Although unintended, it was a reminder of the kind of pressures the SARS-Cov-2 pandemic is putting on provision of other healthcare needs.
The Ministry of Health, in partnership with USAID, took delivery of a year’s supply of much needed drugs for Rwandans living with HIV/AIDs.
The consignment, valued at $8million consisted of 349,393 bottles of Tenofovir/Lamivudine/Dolutegravir (TLD-B/90), a year’s supply for 87,000 individuals.
The delivery was an important milestone for Rwanda Medical Supply Limited (RMS). The company is part of a USAID (United States Agency for International Development) funded project, Transforming Rwanda Medical Supply Chain (TRMS), which aims to establish a trusted, efficient supply chain for medicines in Rwanda.
The consignment was a success for TRMS, and RMS, who, in delivering it in a relatively short time of five weeks, demonstrated they were equal to the task of future deliveries.
“We are pleased with the arrival of the first shipment of highly effective HIV/AIDS treatment drugs, under the TRMS project, and of the biggest achievements of the TRMS” said, RMS Chief Executive, Pie Harerimana.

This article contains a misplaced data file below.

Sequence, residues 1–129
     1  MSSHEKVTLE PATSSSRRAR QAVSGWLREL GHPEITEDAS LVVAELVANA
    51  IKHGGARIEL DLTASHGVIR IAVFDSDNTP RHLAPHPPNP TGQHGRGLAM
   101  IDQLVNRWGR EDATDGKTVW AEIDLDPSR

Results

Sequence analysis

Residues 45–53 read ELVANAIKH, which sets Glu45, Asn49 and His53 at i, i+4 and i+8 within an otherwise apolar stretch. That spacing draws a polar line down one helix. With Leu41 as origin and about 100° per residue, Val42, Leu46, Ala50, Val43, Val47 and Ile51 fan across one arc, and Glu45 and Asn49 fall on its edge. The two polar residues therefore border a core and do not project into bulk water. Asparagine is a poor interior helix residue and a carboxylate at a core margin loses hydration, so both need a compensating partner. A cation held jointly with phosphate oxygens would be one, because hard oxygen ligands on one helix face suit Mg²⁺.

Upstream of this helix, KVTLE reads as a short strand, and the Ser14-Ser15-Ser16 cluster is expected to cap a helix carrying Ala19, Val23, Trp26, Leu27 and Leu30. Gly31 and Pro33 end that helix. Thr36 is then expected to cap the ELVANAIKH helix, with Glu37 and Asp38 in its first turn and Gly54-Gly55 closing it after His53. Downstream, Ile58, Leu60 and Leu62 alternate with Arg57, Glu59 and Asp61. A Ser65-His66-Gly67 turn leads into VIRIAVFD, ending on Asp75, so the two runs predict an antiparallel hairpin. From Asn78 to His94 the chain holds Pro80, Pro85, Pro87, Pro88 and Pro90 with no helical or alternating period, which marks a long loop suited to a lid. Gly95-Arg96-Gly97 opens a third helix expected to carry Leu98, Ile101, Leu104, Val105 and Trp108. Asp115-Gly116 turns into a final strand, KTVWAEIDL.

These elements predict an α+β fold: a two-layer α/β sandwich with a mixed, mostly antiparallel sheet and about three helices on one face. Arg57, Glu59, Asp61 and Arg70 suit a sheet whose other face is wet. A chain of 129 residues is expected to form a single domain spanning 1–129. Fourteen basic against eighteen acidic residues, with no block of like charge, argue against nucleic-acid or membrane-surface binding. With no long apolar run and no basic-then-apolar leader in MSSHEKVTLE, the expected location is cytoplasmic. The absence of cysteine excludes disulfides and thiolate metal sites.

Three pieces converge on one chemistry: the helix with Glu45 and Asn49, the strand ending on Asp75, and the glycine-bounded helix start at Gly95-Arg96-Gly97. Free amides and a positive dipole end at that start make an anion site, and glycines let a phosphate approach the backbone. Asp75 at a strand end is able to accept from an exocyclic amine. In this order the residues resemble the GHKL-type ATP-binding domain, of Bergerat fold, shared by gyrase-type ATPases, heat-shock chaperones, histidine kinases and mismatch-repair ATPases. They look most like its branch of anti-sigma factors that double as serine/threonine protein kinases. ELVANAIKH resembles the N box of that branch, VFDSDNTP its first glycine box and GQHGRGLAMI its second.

Rwanda has approximately 210,200 people living with HIV/AIDS, from an estimated 37.7million people worldwide, of whom two thirds, or 25.4million, are in Africa.
The shipment was the first of a five year, $75million contract signed between RMS, and USAID, to build an efficient health commodity supply chain for Rwanda. The company hopes to deliver a variety of different medicines, including those for Malaria, maternal and child health and family planning.
It is an onerous responsibility. Rwanda is currently one of only three countries worldwide, with which USAID is working to establish a respected local supply chain.